150 research outputs found

    Harnessing the Therapeutic Potential of Antibodies Targeting Connexin Hemichannels

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    Connexin hemichannels have been implicated in pathology-promoting conditions, including inflammation, numerous widespread human diseases, including cancer and diabetes, and several rare diseases linked to pathological point mutations

    Cues to opening mechanisms from in silico electric field excitation of cx26 hemichannel and in vitro mutagenesis studies in HeLa transfectans

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    Connexin channels play numerous essential roles in virtually every organ by mediating solute exchange between adjacent cells, or between cytoplasm and extracellular milieu. Our understanding of the structure-function relationship of connexin channels relies on X-ray crystallographic data for human connexin 26 (hCx26) intercellular gap junction channels. Comparison of experimental data and molecular dynamics simulations suggests that the published structures represent neither fully-open nor closed configurations. To facilitate the search for alternative stable configurations, we developed a coarse grained (CG) molecular model of the hCx26 hemichannel and studied its responses to external electric fields. When challenged by a field of 0.06 V/nm, the hemichannel relaxed toward a novel configuration characterized by a widened pore and an increased bending of the second transmembrane helix (TM2) at the level of the conserved Pro87. A point mutation that inhibited such transition in our simulations impeded hemichannel opening in electrophysiology and dye uptake experiments conducted on HeLa tranfectants. These results suggest that the hCx26 hemichannel uses a global degree of freedom to transit between different configuration states, which may be shared among the whole connexin family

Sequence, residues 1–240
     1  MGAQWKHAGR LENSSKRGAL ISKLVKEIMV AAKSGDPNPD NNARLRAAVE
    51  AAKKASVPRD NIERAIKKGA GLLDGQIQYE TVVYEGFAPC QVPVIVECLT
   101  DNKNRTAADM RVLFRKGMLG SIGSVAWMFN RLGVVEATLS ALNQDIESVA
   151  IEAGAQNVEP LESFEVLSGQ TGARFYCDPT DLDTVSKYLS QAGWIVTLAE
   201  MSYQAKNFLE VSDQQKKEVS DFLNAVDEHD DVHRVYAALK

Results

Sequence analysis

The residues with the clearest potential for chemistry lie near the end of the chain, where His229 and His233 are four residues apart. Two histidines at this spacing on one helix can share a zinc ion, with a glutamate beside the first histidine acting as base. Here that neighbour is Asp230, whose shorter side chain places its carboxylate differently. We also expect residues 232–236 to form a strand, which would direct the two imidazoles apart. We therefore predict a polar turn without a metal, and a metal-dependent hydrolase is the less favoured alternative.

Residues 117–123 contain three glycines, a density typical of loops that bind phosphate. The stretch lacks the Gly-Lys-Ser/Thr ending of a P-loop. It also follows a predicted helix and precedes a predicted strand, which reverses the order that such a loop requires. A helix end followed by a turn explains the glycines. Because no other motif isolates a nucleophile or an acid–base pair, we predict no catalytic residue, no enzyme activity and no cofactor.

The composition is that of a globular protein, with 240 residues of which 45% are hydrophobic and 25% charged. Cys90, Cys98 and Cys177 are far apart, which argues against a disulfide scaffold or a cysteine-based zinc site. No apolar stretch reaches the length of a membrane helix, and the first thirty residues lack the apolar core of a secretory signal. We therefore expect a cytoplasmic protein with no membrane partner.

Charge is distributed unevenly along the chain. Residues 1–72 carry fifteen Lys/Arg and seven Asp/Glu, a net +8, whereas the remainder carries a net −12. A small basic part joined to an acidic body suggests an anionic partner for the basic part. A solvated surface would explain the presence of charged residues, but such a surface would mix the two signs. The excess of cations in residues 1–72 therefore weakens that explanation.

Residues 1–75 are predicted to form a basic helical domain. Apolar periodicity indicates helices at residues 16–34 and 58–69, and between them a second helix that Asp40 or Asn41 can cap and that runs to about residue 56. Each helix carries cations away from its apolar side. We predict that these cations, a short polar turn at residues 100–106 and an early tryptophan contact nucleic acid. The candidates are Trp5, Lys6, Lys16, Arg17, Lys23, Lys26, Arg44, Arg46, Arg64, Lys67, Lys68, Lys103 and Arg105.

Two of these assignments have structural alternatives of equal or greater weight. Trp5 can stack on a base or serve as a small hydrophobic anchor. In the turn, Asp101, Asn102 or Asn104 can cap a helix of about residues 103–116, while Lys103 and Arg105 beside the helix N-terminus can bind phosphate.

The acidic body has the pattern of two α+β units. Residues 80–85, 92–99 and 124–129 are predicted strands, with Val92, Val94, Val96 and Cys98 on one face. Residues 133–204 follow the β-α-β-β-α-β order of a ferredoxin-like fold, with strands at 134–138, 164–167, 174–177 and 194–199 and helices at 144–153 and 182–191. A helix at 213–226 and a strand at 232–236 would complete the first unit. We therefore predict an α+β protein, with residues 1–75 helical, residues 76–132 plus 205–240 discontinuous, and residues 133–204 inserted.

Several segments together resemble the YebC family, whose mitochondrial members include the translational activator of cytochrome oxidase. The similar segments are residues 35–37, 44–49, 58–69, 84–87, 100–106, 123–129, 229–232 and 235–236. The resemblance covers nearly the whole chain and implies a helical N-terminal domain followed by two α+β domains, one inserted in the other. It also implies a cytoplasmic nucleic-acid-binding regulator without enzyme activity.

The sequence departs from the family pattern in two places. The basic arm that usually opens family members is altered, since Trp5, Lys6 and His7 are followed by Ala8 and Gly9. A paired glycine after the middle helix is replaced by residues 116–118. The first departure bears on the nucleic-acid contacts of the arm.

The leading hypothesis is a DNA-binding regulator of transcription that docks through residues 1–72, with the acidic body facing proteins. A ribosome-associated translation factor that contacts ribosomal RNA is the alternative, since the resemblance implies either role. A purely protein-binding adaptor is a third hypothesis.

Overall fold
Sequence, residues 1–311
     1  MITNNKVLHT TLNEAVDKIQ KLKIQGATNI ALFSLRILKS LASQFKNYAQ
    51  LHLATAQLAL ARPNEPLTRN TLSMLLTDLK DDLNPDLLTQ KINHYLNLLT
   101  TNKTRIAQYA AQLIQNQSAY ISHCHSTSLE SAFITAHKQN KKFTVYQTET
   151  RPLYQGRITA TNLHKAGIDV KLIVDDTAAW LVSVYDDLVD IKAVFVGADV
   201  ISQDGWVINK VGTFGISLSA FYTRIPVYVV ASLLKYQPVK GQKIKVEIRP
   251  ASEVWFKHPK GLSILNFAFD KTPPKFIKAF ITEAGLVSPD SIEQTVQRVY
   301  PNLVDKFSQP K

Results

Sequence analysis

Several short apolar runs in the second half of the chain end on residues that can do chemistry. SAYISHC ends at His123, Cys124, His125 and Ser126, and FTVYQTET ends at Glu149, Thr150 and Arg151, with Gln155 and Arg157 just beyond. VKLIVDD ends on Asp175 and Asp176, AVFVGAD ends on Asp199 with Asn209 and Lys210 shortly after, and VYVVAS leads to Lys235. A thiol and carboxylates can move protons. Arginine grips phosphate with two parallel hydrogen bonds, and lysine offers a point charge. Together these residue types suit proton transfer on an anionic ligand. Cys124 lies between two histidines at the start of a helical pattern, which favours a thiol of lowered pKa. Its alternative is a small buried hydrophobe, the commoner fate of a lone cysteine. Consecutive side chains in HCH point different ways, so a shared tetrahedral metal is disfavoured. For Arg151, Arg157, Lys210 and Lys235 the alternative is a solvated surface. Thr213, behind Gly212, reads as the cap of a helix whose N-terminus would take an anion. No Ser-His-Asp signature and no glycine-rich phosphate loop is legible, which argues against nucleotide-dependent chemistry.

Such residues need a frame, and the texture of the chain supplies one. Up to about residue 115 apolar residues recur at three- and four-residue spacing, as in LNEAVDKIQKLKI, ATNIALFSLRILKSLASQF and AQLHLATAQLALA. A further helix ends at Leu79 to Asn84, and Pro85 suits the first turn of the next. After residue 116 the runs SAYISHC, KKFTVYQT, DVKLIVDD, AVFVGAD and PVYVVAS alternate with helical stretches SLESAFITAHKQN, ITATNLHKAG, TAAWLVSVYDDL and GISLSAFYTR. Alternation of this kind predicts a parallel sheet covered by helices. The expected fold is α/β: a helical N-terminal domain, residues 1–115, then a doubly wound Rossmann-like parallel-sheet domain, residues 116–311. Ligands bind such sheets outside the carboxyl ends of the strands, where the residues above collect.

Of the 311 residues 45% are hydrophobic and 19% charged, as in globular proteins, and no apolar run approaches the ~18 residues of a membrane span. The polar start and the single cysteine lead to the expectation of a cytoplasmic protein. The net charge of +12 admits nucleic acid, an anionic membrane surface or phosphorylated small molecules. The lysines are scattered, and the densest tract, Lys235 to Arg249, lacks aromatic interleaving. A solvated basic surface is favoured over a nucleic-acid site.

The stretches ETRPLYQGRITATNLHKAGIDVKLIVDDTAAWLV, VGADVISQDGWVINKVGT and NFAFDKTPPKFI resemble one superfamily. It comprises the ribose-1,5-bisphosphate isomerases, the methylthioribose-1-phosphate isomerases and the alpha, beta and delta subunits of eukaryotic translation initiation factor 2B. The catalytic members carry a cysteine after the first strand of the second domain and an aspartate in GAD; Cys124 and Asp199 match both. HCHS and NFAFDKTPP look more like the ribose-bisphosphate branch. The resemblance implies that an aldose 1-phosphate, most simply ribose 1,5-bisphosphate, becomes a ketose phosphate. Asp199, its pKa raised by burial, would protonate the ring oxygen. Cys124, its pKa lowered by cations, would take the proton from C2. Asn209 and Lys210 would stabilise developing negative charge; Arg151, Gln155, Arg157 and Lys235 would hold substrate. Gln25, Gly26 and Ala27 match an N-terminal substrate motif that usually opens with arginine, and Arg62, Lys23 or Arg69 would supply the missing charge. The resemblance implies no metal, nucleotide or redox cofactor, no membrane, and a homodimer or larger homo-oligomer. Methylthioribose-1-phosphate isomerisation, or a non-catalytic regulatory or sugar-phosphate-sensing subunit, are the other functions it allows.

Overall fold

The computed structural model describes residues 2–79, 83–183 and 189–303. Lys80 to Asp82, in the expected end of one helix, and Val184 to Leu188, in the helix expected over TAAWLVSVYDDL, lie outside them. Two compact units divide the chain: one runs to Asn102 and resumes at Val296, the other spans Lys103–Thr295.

In vivo genetic manipulation of inner ear connexin expression by bovine adeno-Associated viral vectors

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    We have previously shown that in vitro transduction with bovine adeno-associated viral (BAAV) vectors restores connexin expression and rescues gap junction coupling in cochlear organotypic cultures from connexin-deficient mice that are models DFNB1 nonsyndromic hearing loss and deafness. The aims of this study were to manipulate inner ear connexin expression in vivo using BAAV vectors, and to identify the optimal route of vector delivery. Injection of a BAAV vector encoding a bacterial Cre recombinase via canalostomy in adult mice with floxed connexin 26 (Cx26) alleles promoted Cre/LoxP recombination, resulting in decreased Cx26 expression, decreased endocochlear potential, increased hearing thresholds, and extensive loss of outer hair cells. Injection of a BAAV vector encoding GFP-tagged Cx30 via canalostomy in P4 mice lacking connexin 30 (Cx30) promoted formation of Cx30 gap junctions at points of contacts between adjacent non-sensory cells of the cochlear sensory epithelium. Levels of exogenous Cx30 decayed over time, but were still detectable four weeks after canalostomy. Our results suggest that persistence of BAAV-mediated gene replacement in the cochlea is limited by the extensive remodeling of the organ of Corti throughout postnatal development and associated loss of non-sensory cells

    Simvastatin Rapidly and Reversibly Inhibits Insulin Secretion in Intact Single-Islet Cultures

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    open10Epidemiological studies suggest that statins may promote the development or exacerbation of diabetes, but whether this occurs through inhibition of insulin secretion is unclear. This lack of understanding is partly due to the cellular models used to explore this phenomenon (cell lines or pooled islets), which are non-physiologic and have limited clinical transferability.openScattolini, Valentina; Luni, Camilla; Zambon, Alessandro; Galvanin, Silvia; Gagliano, Onelia; Ciubotaru, Catalin Dacian; Avogaro, Angelo; Mammano, Fabio; Elvassore, Nicola; Fadini, Gian PaoloScattolini, Valentina; Luni, Camilla; Zambon, Alessandro; Galvanin, Silvia; Gagliano, Onelia; Ciubotaru, CATALIN DACIAN; Avogaro, Angelo; Mammano, Fabio; Elvassore, Nicola; Fadini, GIAN PAOL